In other words, once you be-clown yourself on Twitter (or Facebook or online in general), it’s impossible to recover your credibility. Your stupidity is forever. To quote the Goblin King, “What’s said is said.”

Of course while Zack felt the heat, I’m sure he was only moderately mobbed. Actually, by today’s standards it wasn’t a mobbing, just a “What the f–?” cascade. But it certainly didn’t contribute to a thoughtful discussion of the right of self defense.

Since this blog’s getting a bit long, I won’t describe The Incident at The Capitol Mall or its media aftermath. If you don’t know what I’m talking about and want the history, go here.


Or you can do your own research; I like Reason.com because I’m an Independent and while I don’t agree with them on every issue they don’t usually parrot the spin of the Right or Left. The point is, when the Reason.com reporter wrote “Partial video footage of students from a Catholic high school allegedly harassing a Native American veteran after the anti-abortion March for Life rally in Washington, D.C., over the weekend quickly went viral, provoking widespread condemnation of the kids on social media.” he wasn’t kidding. Doxing and death-threats were made. It seemed like half the social media users in the country engaged in a perfect storm of Two Minutes Hate.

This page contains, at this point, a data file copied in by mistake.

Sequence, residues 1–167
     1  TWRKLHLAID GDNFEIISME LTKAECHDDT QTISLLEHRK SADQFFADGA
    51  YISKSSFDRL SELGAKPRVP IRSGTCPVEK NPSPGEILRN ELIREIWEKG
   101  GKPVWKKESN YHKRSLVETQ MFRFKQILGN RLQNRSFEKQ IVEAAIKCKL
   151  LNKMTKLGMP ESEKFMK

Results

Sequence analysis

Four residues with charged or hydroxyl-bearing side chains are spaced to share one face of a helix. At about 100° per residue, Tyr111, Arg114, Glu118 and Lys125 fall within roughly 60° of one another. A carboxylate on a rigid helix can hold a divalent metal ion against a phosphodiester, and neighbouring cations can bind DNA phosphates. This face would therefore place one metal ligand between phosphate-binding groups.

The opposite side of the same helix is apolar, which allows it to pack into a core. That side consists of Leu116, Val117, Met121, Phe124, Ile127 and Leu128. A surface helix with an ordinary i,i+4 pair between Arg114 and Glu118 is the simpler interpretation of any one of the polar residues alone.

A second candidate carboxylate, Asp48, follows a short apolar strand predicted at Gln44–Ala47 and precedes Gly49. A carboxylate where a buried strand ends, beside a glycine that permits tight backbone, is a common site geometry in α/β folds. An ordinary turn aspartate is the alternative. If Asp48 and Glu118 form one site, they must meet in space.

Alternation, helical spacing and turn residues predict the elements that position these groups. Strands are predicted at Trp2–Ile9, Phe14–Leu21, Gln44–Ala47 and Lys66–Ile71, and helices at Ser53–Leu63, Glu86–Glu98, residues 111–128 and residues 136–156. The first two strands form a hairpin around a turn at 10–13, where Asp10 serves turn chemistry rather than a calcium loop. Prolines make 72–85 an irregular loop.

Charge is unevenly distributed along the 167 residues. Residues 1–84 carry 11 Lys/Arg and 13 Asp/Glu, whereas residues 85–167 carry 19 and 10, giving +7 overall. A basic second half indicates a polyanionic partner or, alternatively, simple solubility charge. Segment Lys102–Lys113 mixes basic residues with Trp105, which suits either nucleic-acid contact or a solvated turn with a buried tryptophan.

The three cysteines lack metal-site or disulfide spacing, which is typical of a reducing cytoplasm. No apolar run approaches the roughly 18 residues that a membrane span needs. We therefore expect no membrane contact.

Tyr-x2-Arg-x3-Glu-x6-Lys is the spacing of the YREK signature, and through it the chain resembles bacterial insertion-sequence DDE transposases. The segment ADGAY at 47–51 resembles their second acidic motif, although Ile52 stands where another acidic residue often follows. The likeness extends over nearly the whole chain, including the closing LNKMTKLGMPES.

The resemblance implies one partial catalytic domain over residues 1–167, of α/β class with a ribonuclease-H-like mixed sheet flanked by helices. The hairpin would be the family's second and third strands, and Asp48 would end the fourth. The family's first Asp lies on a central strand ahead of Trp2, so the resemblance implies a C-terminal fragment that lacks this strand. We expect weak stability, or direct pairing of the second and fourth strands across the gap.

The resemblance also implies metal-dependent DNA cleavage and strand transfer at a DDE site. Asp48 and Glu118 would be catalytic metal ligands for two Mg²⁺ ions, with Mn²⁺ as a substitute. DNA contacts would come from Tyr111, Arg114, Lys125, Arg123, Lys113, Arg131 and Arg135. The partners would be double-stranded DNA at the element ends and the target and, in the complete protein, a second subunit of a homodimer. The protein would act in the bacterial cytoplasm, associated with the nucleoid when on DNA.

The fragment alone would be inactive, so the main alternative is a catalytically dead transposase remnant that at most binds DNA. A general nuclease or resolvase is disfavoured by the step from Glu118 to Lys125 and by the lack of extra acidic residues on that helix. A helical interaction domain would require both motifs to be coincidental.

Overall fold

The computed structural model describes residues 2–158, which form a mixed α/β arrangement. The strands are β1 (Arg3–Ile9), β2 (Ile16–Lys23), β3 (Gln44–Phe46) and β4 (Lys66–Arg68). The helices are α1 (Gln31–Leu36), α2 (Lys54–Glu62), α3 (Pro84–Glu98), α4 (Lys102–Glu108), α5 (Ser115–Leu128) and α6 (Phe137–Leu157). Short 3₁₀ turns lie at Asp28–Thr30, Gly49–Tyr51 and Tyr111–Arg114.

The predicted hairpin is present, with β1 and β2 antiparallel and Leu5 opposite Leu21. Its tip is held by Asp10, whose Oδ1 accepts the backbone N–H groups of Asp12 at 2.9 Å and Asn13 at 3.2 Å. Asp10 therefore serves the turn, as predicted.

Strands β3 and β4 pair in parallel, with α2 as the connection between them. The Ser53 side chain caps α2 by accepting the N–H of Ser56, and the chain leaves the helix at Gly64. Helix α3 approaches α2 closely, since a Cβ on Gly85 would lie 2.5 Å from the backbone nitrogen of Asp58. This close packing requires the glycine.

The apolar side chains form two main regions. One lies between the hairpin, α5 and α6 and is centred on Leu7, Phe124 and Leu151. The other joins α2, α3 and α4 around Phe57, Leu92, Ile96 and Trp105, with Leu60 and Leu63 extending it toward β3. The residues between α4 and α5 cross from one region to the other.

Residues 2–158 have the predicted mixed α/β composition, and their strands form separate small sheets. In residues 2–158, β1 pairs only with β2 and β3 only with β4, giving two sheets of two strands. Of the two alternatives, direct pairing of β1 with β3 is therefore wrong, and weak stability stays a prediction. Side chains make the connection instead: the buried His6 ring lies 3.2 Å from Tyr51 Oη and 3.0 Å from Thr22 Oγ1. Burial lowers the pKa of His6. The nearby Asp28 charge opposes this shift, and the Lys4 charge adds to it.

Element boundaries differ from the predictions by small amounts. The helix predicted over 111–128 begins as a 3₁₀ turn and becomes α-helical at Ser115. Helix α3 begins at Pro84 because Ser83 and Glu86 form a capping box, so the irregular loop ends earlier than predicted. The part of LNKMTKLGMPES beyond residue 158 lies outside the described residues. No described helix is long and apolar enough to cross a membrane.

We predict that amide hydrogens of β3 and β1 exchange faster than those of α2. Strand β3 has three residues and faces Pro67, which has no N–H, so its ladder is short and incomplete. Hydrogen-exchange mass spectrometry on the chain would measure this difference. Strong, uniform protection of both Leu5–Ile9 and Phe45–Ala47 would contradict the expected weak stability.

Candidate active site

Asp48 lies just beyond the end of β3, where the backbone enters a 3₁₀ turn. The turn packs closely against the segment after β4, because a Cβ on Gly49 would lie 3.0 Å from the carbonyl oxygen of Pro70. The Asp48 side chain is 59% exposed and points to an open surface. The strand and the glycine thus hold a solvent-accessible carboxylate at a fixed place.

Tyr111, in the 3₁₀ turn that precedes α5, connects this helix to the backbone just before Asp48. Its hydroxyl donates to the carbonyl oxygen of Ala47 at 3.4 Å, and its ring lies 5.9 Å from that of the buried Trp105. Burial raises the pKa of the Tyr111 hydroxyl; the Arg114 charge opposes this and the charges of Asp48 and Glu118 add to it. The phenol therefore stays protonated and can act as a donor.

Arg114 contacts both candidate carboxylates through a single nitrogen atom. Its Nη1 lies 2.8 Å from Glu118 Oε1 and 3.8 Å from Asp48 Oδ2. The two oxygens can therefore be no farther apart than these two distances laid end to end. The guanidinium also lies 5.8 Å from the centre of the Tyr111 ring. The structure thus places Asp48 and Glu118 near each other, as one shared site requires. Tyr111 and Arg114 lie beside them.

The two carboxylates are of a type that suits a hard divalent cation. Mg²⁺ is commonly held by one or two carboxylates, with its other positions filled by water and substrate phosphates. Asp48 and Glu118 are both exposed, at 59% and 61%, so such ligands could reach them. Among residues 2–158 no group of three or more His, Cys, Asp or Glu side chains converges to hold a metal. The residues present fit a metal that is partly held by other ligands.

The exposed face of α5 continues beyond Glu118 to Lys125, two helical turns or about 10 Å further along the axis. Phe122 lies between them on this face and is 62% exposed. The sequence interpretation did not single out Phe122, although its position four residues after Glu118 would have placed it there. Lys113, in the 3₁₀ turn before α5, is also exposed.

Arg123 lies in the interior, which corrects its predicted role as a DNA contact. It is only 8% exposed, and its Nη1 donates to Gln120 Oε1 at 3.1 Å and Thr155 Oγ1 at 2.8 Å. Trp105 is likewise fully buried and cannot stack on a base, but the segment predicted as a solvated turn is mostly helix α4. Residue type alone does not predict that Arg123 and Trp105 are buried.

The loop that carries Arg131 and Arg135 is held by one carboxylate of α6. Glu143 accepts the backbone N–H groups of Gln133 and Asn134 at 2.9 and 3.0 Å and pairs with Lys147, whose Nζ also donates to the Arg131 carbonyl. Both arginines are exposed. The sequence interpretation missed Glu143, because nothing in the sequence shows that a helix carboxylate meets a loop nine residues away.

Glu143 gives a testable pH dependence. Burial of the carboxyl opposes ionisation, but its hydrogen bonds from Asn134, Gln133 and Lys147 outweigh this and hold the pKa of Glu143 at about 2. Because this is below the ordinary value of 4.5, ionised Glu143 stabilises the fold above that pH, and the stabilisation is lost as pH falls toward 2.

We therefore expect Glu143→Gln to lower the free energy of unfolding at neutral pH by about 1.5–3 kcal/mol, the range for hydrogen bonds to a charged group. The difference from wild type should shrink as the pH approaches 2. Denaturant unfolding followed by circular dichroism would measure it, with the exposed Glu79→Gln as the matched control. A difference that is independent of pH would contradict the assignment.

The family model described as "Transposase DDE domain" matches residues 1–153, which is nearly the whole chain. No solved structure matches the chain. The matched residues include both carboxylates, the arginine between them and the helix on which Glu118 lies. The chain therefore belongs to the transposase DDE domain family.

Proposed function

For those unfamiliar with the reference, “the Two Minutes Hate, from George Orwell’s novel Nineteen Eighty-Four, is a daily period in which Party members of the society of Oceania must watch a film depicting the Party’s enemies and express their hatred for them for exactly two minutes.”

Everybody jumped on the kids. If you were on the left, you piled on because, well, what they did was hateful. If you were on the right, you did it because if  you didn’t utterly condemn their horrible, horrible, actions, then you were part of the problem. Or something. And it was social media, not government, that instigated this Two Minutes Hate. Orwell would never have seen that coming. Or possibly he would.

Then more video was released and . . . great, we all just condemned, abused, threatened, and generally horribly bullied a bunch of high school boys for . . . what? A huge number of pundits, bloggers, tweeters, journalists, and celebrities are now trying to walk back their Two Minute Hate. But a lot of other people are seeing the whole “Look! MAGA hats! White boys! In a chanting crowd! Horrible!” response and the stupidity of it all and it’s yet one more, forever-to-be-remembered pile-on by the social media mob.

So, two examples of hashtag activism gone horribly wrong, one small and one large. I’m sure everyone can think of their own examples, recent and receding, buried under the latest pile-on but always to be remembered when one side or the other needs a “how awful” club to swing at the other.